Visiting the Hagia Sophia and the Blue Mosque are of course on everyone’s list of sites to see in Istanbul.  I highly recommend visiting Sehzade Camii and Suleyman’s, especially with a knowledgeable guide.

Here’s a little video interview I did of our guide and expert, Yavuz Sezer.



Barcelona – City of Chocolate

by Amy Knauff

This is probably going to sound crazy (or obnoxious), but I’m currently living in a Central American country with a tropical climate and… I miss autumn! I can just picture readers out there glaring mental daggers at me, or getting ready to submit this post to Don’t get me wrong, having beach weather almost year-round is pretty awesome. But autumn has been my favorite season my whole life, so when I see friends posting pictures on Facebook of gorgeous red-gold-orange-yellow trees, sidewalks filled with satisfyingly crunchy leaves, and trips with their kids to pumpkin patches or apple orchards, I can’t help getting a little nostalgic for my old East Coast autumns.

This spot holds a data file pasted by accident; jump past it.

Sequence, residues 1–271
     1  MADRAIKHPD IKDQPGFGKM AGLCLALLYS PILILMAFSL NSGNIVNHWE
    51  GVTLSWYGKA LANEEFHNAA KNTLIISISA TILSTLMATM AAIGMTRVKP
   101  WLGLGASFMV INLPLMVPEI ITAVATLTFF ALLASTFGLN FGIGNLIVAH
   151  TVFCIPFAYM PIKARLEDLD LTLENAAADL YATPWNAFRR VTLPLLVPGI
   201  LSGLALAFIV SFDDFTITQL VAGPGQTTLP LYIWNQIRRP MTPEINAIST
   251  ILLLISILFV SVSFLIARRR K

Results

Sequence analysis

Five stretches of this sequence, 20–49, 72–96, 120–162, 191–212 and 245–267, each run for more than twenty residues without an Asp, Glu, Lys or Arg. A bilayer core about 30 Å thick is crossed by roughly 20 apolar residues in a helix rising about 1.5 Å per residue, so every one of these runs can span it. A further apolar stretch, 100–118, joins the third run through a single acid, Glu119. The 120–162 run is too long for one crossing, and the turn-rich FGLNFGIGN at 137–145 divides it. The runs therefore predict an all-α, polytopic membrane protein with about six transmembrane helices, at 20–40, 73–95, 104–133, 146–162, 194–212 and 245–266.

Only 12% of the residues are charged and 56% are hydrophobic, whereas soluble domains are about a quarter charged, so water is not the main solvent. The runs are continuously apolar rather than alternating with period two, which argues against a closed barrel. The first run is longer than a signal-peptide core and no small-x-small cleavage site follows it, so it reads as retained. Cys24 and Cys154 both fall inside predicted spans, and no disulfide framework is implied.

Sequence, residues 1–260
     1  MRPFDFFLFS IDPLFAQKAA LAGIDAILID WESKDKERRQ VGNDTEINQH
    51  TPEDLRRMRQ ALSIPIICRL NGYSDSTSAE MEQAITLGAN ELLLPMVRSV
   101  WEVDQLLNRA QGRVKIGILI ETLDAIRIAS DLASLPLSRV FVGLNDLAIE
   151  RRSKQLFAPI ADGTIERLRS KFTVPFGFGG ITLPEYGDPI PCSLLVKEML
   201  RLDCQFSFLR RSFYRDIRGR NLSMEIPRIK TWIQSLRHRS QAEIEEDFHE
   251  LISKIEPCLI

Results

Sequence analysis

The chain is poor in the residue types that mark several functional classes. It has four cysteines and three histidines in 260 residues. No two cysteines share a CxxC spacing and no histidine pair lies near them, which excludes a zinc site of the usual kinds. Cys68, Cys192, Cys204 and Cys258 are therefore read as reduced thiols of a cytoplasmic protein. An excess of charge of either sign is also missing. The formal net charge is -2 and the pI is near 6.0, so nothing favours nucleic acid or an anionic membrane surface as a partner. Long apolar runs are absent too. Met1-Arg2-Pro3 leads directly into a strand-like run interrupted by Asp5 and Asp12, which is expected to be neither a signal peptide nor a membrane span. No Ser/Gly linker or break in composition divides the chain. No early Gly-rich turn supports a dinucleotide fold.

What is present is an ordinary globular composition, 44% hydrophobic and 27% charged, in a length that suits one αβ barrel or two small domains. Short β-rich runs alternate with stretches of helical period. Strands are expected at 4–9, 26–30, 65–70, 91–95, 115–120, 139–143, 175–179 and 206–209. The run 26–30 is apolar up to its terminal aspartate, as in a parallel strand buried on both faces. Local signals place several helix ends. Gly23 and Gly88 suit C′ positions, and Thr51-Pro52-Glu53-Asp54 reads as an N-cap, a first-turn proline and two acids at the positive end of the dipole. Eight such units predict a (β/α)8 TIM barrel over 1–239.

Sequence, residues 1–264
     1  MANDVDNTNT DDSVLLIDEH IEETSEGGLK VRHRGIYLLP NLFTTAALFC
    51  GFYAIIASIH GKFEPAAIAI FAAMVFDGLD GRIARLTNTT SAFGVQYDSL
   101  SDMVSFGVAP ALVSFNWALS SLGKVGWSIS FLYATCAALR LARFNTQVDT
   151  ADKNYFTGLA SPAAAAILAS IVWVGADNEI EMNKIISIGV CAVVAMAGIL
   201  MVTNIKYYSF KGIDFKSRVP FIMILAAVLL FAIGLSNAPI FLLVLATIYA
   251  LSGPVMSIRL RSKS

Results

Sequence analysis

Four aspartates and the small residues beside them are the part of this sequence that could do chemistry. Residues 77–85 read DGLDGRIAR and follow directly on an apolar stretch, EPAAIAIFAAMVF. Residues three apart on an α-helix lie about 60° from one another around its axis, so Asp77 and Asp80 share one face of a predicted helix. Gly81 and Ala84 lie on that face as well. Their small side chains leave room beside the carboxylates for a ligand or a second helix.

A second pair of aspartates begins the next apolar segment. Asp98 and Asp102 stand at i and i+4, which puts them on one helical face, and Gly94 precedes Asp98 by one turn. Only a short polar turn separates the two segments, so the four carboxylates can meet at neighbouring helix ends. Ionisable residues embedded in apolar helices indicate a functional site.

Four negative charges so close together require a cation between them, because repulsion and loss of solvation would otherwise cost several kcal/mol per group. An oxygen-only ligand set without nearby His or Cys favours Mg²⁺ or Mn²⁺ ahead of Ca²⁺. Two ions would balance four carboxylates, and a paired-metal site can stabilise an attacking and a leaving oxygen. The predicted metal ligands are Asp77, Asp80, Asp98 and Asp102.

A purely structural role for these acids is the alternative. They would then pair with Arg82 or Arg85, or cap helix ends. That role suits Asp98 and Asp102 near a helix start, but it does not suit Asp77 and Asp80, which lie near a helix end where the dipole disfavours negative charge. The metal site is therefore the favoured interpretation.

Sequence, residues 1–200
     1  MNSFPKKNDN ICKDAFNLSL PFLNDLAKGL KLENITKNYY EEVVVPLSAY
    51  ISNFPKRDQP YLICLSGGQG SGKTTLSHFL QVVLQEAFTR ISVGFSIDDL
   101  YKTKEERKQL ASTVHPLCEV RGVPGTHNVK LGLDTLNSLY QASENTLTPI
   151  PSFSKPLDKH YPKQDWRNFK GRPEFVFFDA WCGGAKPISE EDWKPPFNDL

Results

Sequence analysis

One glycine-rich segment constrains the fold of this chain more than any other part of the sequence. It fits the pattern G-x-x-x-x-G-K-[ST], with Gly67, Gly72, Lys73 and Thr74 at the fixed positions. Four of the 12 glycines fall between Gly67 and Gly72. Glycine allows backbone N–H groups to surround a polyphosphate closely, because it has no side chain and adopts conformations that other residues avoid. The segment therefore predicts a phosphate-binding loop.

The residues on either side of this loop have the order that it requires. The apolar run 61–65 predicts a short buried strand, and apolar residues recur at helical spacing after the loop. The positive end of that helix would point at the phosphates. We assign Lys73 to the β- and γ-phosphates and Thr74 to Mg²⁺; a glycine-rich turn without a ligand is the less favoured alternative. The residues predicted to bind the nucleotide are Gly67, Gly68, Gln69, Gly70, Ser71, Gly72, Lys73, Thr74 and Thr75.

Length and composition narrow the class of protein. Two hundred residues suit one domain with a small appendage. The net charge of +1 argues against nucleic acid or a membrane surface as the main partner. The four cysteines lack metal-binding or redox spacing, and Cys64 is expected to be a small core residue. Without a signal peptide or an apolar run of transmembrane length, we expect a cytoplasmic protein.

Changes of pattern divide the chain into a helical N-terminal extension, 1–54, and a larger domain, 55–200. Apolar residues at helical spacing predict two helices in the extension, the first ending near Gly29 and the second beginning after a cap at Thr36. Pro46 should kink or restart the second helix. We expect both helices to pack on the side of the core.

And the food! Don’t get me started on the food I’m missing… those hearty comfort foods that can only be truly enjoyed and appreciated when it’s chilly outside. The ham stews and pumpkin pies of my childhood. And from my years living in Italy, roasted chestnuts, pasta with funghi porcini, truffles. And one of my favorite cool-weather, warm-you-up treats? Hot chocolate!

Actually, I find chocolate in general much more satisfying when in cool weather. As I sit here in the tropics sweating and being bitten by mosquitos, I don’t really crave melty, messy, super-sweet chocolate (try a refreshing fresh-squeezed lemonade instead). But oh, when it’s gray and bitter outside, nothing gets those endorphins moving like a gorgeous dark chocolate truffle.

My European friends tell me that the cool weather has finally hit there. It’s nearly November, summer is well and done by now, and it’s time to really embrace the fall and everything that comes with it. If you’re visiting Barcelona around this time, I cannot emphasize enough that you should not miss all the delicious chocolatey treats you’ll find around the city.